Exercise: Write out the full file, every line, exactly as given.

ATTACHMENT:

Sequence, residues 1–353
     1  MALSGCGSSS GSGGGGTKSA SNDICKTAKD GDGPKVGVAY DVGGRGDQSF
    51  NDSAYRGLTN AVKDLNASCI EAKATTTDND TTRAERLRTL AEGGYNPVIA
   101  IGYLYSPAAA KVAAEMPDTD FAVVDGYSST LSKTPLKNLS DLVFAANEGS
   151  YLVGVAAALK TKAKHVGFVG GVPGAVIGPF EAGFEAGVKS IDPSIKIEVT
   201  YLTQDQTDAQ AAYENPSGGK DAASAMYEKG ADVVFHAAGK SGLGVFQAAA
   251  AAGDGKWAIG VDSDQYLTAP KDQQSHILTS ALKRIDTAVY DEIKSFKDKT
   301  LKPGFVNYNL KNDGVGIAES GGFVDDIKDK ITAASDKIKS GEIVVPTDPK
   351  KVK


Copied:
Sequence, residues 1–353
     1  MALSGCGSSS GSGGGGTKSA SNDICKTAKD GDGPKVGVAY DVGGRGDQSF
    51  NDSAYRGLTN AVKDLNASCI EAKATTTDND TTRAERLRTL AEGGYNPVIA
   101  IGYLYSPAAA KVAAEMPDTD FAVVDGYSST LSKTPLKNLS DLVFAANEGS
   151  YLVGVAAALK TKAKHVGFVG GVPGAVIGPF EAGFEAGVKS IDPSIKIEVT
   201  YLTQDQTDAQ AAYENPSGGK DAASAMYEKG ADVVFHAAGK SGLGVFQAAA
   251  AAGDGKWAIG VDSDQYLTAP KDQQSHILTS ALKRIDTAVY DEIKSFKDKT
   301  LKPGFVNYNL KNDGVGIAES GGFVDDIKDK ITAASDKIKS GEIVVPTDPK
   351  KVK